A coffee a day might keep the cancer AWAY !

A coffee a day might keep the cancer away

A coffee a day might keep the cancer away

Good news for “coffee lovers” : several studies suggest that moderate coffee intake (a source of antioxidant), might help prevent numerous forms of cancers, from prostate cancer to various gastrointestinal cancers.


Coffee consumption and prostate cancer risk: an updated meta-analysis.


Many epidemiological studies have been conducted to explore the association between coffee consumption and prostate cancer. However, the results remain inconsistent. We performed a large meta-analysis of relevant studies to derive a more precise estimation of this relationship.


Systematic searches of PubMed and several other databases up to June 2013 were retrieved. All epidemiologic studies regarding coffee consumption and prostate cancer risk were included, and odds ratios (ORs) with 95 % confidence intervals (CIs) were calculated to estimate the strength of the association.


Twelve case-control studies involving 7,909 prostate cancer cases and 9,461 controls and nine cohort studies involving 455,123 subjects were included in our analysis. Compared with the lowest category, the unstratified highest category of coffee consumption showed a significance reduction in prostate cancer risk of a fixed-effects model (OR 0.91, CI 0.86-0.97). A borderline significant influence was also found when the stratified highest category (US ?4, Europe ?5) of coffee consumption was compared with the reference category (OR 0.96, CI 0.92-1.00), but no relationships were observed for the other two categories. In another analysis conducted by coffee consumption and prostate cancer stage and Gleason grade, our results showed a significant inverse association in all categories of prostate cancer except Gleason <7 grade in a fixed-effects model; the results remained the same, except for advanced prostate cancer, in a random-effects model.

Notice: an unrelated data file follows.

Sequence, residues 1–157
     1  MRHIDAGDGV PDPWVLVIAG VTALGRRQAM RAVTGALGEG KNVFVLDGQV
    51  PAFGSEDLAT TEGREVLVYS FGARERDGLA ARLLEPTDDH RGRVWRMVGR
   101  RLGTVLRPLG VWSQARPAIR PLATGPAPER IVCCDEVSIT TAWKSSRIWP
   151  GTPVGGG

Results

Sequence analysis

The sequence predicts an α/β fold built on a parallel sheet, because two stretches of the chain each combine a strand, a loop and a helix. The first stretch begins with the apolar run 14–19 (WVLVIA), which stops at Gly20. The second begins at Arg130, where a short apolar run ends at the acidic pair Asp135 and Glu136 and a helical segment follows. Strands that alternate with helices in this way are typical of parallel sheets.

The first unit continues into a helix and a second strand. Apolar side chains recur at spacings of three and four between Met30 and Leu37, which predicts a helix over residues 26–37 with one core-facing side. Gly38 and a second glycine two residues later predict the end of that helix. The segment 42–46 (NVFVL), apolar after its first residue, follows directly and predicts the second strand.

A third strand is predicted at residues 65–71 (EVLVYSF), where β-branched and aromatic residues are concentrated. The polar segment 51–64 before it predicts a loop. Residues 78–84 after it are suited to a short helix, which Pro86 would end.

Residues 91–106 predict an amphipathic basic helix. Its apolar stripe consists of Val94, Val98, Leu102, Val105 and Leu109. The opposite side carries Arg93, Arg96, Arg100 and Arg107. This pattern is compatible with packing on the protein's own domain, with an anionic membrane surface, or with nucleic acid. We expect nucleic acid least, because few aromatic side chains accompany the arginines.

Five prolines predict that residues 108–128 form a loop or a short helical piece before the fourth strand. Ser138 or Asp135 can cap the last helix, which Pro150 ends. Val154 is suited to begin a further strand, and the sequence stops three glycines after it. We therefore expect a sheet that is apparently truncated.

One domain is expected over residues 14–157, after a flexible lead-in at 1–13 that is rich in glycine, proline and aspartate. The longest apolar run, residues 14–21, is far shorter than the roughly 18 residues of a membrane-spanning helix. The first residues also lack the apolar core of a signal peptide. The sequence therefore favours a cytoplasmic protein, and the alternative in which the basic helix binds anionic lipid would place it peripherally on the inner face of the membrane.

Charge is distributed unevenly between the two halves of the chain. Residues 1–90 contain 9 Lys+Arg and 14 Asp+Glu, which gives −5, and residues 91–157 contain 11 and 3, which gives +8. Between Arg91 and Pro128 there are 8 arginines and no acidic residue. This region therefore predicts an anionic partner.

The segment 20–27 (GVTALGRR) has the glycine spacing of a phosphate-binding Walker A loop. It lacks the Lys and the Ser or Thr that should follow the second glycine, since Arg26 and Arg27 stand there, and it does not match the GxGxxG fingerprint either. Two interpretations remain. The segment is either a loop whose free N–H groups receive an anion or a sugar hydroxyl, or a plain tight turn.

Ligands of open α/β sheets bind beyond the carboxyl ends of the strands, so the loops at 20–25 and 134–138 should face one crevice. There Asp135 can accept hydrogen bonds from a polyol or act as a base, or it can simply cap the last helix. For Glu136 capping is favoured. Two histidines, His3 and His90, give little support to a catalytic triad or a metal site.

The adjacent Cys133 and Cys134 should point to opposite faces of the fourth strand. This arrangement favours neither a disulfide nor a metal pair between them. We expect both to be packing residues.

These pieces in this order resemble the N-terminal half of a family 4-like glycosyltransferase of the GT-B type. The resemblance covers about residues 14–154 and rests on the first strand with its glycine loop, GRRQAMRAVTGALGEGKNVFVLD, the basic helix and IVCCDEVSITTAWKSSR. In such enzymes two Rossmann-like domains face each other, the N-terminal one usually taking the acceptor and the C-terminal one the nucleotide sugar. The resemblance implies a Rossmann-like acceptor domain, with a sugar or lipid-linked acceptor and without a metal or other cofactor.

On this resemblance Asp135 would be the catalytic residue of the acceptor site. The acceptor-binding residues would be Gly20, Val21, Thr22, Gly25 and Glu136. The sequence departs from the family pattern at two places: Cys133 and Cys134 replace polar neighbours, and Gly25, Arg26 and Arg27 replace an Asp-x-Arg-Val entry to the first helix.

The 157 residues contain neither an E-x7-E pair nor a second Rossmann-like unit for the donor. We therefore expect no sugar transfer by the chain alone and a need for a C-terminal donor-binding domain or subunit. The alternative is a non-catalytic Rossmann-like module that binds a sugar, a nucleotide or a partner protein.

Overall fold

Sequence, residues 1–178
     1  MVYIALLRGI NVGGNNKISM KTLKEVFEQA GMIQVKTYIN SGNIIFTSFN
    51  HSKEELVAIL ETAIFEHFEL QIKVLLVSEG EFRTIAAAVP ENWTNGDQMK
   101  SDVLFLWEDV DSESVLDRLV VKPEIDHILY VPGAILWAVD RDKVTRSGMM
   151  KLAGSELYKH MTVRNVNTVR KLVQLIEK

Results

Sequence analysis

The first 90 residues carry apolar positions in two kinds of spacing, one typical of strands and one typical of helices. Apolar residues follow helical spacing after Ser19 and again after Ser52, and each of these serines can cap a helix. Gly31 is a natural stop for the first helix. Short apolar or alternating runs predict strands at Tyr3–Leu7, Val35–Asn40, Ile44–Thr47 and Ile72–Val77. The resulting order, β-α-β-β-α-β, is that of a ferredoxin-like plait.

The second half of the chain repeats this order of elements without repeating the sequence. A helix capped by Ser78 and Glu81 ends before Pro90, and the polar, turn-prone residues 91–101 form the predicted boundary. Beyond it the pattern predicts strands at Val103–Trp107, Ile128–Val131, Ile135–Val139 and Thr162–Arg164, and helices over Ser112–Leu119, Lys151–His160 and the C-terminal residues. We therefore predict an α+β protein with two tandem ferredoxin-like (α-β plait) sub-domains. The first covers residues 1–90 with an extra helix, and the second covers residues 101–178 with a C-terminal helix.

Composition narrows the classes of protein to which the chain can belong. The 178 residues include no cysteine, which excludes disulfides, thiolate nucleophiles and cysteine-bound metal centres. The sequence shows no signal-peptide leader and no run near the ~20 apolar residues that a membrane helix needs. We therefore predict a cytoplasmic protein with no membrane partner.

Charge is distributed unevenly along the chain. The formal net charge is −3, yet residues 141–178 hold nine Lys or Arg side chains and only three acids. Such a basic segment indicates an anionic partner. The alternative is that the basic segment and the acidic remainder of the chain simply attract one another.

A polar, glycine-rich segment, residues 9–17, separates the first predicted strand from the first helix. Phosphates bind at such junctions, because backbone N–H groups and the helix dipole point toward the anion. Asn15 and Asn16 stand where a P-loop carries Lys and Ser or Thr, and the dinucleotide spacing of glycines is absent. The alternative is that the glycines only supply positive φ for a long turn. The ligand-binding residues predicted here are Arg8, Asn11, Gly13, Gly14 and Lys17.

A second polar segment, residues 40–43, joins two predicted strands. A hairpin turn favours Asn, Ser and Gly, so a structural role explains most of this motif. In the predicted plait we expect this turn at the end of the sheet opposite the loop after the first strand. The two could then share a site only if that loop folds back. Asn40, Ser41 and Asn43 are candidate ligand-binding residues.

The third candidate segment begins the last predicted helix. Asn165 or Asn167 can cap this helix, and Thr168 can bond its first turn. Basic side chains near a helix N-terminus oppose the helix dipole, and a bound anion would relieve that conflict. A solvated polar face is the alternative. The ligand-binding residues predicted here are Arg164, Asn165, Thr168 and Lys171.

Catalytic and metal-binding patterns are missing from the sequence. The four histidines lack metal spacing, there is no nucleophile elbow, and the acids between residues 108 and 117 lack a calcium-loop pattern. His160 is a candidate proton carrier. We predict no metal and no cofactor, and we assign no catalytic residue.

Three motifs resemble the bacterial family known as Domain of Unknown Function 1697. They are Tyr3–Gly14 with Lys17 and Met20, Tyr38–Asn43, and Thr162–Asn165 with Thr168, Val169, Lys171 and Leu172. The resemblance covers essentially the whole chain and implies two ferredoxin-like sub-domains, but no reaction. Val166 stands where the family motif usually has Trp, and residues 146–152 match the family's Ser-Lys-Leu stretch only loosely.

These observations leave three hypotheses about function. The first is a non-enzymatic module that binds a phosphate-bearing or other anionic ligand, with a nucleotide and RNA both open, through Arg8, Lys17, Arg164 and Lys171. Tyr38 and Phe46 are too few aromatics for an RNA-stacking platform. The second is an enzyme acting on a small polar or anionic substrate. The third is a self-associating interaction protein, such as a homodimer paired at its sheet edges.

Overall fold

Our meta-analysis suggests that coffee consumption may not only be associated with a reduced risk of overall prostate cancer, but also inversely associated with fatal and high-grade prostate cancer.


Impact of lifestyle factors and nutrients intake on occurrence of gastrointestinal cancer in Tunisian population.

This study aims to show the relationship between lifestyle and risk of colorectal and gastric cancers in Tunisian population. The food frequency survey method was used to obtain information about the dietary intake and way of life. Nutrients intake was calculated according to the food composition database. According to our results, the consumption of vegetables, fruits, fish, as well as coffee seems to be protective against digestive cancer, while the consumption of citrus and olive oil is protective against gastric cancer. Tobacco, alcohol, and tea represent a risk against gastrointestinal cancer. Highly educated people are more conscious of the crucial role of prevention. In addition, nutrients were significantly associated with colorectal and gastric cancer. The findings suggest that lifestyle is associated with a risk of gastrointestinal cancer. Moreover, higher intake of nutrients from foods was observed more in cases with colorectal and gastric cancer than controls.



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